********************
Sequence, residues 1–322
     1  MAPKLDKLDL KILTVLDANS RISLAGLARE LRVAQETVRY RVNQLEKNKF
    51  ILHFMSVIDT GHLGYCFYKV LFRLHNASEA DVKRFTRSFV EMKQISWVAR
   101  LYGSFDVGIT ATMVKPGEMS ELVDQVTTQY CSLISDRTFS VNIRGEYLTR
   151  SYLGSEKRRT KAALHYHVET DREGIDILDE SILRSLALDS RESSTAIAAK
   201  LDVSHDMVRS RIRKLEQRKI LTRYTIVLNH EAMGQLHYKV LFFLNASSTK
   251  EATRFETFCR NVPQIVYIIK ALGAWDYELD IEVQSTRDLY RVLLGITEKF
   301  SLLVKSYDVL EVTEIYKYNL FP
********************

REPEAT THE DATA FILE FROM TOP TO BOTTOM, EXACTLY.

Sequence, residues 1–322
     1  MAPKLDKLDL KILTVLDANS RISLAGLARE LRVAQETVRY RVNQLEKNKF
    51  ILHFMSVIDT GHLGYCFYKV LFRLHNASEA DVKRFTRSFV EMKQISWVAR
   101  LYGSFDVGIT ATMVKPGEMS ELVDQVTTQY CSLISDRTFS VNIRGEYLTR
   151  SYLGSEKRRT KAALHYHVET DREGIDILDE SILRSLALDS RESSTAIAAK
   201  LDVSHDMVRS RIRKLEQRKI LTRYTIVLNH EAMGQLHYKV LFFLNASSTK
   251  EATRFETFCR NVPQIVYIIK ALGAWDYELD IEVQSTRDLY RVLLGITEKF
   301  SLLVKSYDVL EVTEIYKYNL FP